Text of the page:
College Football Betting: Untrustworthy Ranked Teams
by Trevor Whenham - 10/08/2008
When it comes to betting on college football, ranked teams have a mystique surrounding them. The public holds ranked teams in high regard, and will generally back them when they have the chance. In a lot of cases that works out well as the teams are good enough to overwhelm their opponents. Sometimes, though, the ranking is just an invitation for bettors to burn money. The teams might be winning their games, but they aren't doing it convincingly enough to pay their backers off. In other words, their ranking and the public attention that goes with it inflates their lines, and the teams aren't powerful enough to overcome the number. Here's a look at five teams with a bad habit of not covering the spread.
LSU - The Tigers are just 1-2 ATS. The problem with them isn't that they aren't good - they obviously are. It's just that they aren't quite as good as people seem to think they are. Twice now, they have been unable to cover very large spreads - 24 and 42 points - despite winning both games comfortably. Against North Texas they were favored by 42. LSU won overwhelmingly, 41-3, but that wasn't enough. The team is moving into the heart of their SEC schedule, and that will help - as they play more teams that bettors respect they will face more realistic spreads, and they will stand a better chance of rewarding bettors for their faith. Up until now, their backers have been punished for the Tigers setting a particularly puffball early schedule.
Ohio State - Everyone knows well why the Buckeyes didn't cover against USC - they played as badly as a team can play. That was the low point of their season, but it was just one in a series of frustrations for those who have bet on them. Ohio State narrowly covered the spread last weekend against Wisconsin, but that was the first time they had covered in five tries. They face the same problem as LSU - they just aren't quite as good as the public thinks that they are. Three times they have been favored by 20 or more. All three times they won comfortably, but not by enough to make bettors happy. That shouldn't be that surprising - their quarterback has either been old and ineffective or young and raw. It's hard to cover massive spreads when your scoring isn't exactly effortless.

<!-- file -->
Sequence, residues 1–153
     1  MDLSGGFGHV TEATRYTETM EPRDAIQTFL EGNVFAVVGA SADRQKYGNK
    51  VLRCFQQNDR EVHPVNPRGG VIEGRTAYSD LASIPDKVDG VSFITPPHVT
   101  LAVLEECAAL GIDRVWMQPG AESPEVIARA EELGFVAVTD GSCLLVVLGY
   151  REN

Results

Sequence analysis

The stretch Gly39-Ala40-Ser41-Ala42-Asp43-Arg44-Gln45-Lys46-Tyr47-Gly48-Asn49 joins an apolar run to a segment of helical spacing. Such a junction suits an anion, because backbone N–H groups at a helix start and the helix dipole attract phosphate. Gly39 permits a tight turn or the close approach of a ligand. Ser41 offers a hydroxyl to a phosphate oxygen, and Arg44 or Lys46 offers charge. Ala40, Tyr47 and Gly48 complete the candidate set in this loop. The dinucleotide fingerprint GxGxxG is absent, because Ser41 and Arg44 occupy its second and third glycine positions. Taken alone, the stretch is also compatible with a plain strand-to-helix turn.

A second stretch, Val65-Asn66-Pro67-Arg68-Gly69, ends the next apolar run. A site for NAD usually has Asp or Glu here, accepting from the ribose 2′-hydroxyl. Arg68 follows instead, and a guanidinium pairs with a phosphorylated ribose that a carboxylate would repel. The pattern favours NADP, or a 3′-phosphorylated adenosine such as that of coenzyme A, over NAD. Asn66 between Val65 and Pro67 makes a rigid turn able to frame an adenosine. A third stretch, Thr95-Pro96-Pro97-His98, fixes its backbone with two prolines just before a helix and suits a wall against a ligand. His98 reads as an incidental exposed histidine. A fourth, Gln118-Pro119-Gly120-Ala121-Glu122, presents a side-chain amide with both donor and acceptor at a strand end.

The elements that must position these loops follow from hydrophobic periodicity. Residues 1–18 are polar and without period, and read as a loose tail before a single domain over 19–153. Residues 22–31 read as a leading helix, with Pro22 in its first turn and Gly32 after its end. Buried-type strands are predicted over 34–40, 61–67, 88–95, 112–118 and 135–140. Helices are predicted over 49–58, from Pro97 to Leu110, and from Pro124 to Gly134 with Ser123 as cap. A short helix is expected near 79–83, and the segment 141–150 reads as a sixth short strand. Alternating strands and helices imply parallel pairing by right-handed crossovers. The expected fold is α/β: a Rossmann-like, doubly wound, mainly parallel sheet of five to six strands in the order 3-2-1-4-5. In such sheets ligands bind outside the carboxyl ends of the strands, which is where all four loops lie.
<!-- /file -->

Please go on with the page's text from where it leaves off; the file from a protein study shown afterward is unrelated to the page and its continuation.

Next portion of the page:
South Florida - In their game against Pitt last week, the Bulls learned that Cinderella doesn't always fit the glass slipper. Even before their perfect season was ruined, though, this team had established a pattern of disappointment. Like Ohio State, they have covered just once in five tries. The problem here, though, is different than with the Buckeyes. South Florida came basically from nowhere last year to capture the hearts and imaginations of the public. The public doesn't have much self-restraint when it comes to such things, and they let their excitement over an underdog story get the best of them. It shouldn't be this way - QB Matt Grothe has advanced from last year, and the team has played reasonably well. The public expects more than reasonably good play from them, though, and that's why they have the record they do.
Auburn - The Tigers started the season off so well, with a 34-0 thumping of Louisiana-Monroe. Expectations were high for this team coming into the season, and that effort, dominating on both sides of the ball, only raised hopes. The next five games, though, have been a disaster. They have lost twice and they haven't managed to cover at all. There is no mystery to the problem here - this team can't score, and you need to score to win and cover spreads. Remember, this is the team that won a game by the hockey-like score of 3-2. People shouldn't be surprised that a classic SEC team keeps ending up in defensive battles, but they are. More than any other team on this list, that is costing those who bet on the team.
Pittsburgh - Dave Wannstedt has given us little reason over the years to think that he's much of a coach, so it's a bit surprising that he has managed to have a ranked team this far into the season. This is really a case where the public gets an idea in their mind and just won't let go of it. In the season opener, Pittsburgh was favored by two touchdowns over Bowling Green. They lost by 13. Despite that, the public just kept giving them spreads they couldn't cover. Unlike some of the other teams on this list, the Panthers only failed to cover spreads by a point or two. That means that the books have a fairly good read on them, and they are taking advantage of the public perception. They finally managed to cover one last week, but that was because they were a significant underdog. That isn't likely to happen again until later in the season, so it seems likely that they will continue to disappoint and frustrate.